You fund your account. Most of the trading care is derivatives trading, which means that rather than depositing the token you want to sell and withdrawing the token you want to buy, you just deposit collateral and then you can trade any of the products with it. The standard collateral is US dollar stable points. USDC to USD and packs are all accepted, but you can also deposit Bitcoin or Tether. You can use any of those as collateral on the platform for any of the futures. Once you have that, you can go trade any of the futures on the platform. We have futures on Bitcoin, EOS, LTC, the standard large-cap tokens.

We also have futures on a bunch of things that most platforms don’t have. We have futures on a bunch of exchange tokens including BNB token of OKB. We have futures on a few indexes. If for instance, you wanted to get short altcoins, you could deposit collateral and then go short sell our altcoin index future. You can click around at the top and see all these. It’s a cool product. I’m surprised that no one else has done it. It’s a pretty useful product for a lot of things. First of all, if you just think altcoins are going to outperform Bitcoin, the obvious thing is to get long in index about altcoins, short Bitcoin rather than picking one altcoin and being exposed to its movement. Conversely, if you think that you’re a big fan of EOS, you think it’s going to outperform, you could get long EOS and then hedge it by getting short the altcoin futures so you don’t lose money if crypto is a whole goose on. Even if BTC dominance goes up, you’re betting on something against its reference class. We have index futures on altcoins, mid-cap, tokens and shitcoins.

Somebody used that term too. I was like, “Is he going to say it?” I’m so glad you said it.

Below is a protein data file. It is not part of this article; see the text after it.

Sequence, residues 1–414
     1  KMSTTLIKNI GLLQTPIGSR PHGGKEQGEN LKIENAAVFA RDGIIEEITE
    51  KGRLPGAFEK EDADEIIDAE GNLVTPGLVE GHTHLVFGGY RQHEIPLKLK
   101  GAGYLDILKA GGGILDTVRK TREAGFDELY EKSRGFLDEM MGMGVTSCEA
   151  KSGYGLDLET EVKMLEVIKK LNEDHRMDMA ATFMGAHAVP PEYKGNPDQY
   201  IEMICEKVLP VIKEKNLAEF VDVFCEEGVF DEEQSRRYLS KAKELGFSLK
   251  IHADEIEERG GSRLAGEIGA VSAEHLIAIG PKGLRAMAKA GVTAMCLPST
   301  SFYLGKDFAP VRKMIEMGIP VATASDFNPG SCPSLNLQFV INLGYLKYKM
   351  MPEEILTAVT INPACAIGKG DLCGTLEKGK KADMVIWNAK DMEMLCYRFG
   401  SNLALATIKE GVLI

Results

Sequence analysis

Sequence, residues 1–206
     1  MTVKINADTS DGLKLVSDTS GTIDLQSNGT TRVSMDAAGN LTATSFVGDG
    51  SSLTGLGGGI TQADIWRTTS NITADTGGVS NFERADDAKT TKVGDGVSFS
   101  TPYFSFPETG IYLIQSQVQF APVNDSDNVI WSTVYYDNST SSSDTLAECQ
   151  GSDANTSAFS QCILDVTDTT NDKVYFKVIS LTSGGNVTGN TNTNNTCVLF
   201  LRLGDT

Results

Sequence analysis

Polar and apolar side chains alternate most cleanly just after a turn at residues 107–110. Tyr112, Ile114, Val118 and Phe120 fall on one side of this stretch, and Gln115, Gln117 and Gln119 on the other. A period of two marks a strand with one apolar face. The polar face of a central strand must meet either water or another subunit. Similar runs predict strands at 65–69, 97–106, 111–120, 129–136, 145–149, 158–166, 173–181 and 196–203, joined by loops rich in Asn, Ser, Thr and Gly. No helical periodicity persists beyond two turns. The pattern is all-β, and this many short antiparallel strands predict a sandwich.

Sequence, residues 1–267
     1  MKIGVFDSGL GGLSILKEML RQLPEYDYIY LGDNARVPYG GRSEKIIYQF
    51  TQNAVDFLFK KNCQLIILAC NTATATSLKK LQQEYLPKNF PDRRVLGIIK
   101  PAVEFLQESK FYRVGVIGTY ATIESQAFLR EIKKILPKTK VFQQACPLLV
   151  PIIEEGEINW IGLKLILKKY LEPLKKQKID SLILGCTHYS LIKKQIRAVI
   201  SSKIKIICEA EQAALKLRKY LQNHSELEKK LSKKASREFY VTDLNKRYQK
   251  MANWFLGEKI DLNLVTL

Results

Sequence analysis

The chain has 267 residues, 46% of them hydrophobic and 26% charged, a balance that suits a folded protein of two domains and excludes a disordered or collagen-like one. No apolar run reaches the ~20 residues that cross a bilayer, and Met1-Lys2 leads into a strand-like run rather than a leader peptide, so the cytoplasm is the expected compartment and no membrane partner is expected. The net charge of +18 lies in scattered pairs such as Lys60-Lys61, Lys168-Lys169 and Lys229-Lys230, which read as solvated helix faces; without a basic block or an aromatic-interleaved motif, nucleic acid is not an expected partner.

We rushed that product to the market just for the name.

This is our shitcoin index futures.

An important thing is shitcoins are an important part of crypto and it’s hard to trade them efficiently. First of all, you can’t get leverage on any of them, so you can’t short-sell them. Second of all, the spreads are a percent wide, so you’re going to lose a lot by trading them. You have to be on the right platforms. You can’t get much size off it. It’s a big pain and you have to go through that if you want to trade a particular one. If you want to generally get exposed to do that sector, the shitcoin perpetual futures are super liquid. You can get millions of dollars off them if you want to. You could get a 100x long or short at them.

I love the idea of a 100x long or short on this. That’s what the crypto market is for. How did you get into this? I know you were working at Wall Street before. Is that what you studied in school? Were you not generous and be like, “Always numbers?”

I did physics technically. It’s a Physics degree. I took not very many classes. I realized about halfway through college I probably didn’t want to be a physicist, so I pivoted away from that. I took a smattering of classes in my last few years. I didn’t know what I want to do with my life.

Whoever knows what they want to do with their life? It’s anytime, especially in your twenties. How is at a time when you’re supposed to make important decisions? The only decision in one’s twenties is tequila or vodka.

I certainly knew. I thought I knew what I wanted, but I was wrong. I had no idea. I tried a bunch of things, most of which just didn’t excite me. I interned at Jane Street and I liked it. I did that after my junior year and then went back to work full-time after I graduated. I worked on Wall Street then trading internationally ETFs for about three years. Those are US-listed ETFs that are baskets on foreign stocks. It might be a US ETF that has Honda, Toyota and other large half Japanese companies, and was there until 2017, whoever knows exactly what they want to do with their life. I think in the end, that’s why I decided I was happy at Jane Street. They’re good to me. I liked it, but there are a lot of things I want to try through my life. I don’t know what they all are. I had a lot of ideas. I didn’t know which was going to pan out and it was another thing. It felt to me that was the time to decide whether I was going to make my lifetime career there at Jane Street. It’s a tough call. I’m not quite flipping a coin, but I came close. At the end, I left. Afterwards, I started off Alameda Research.

What’s the biggest thing you feel like you’ve learned from a philosophical standpoint as well as a professional standpoint? What’s the biggest thing you’ve learned by taking this leap?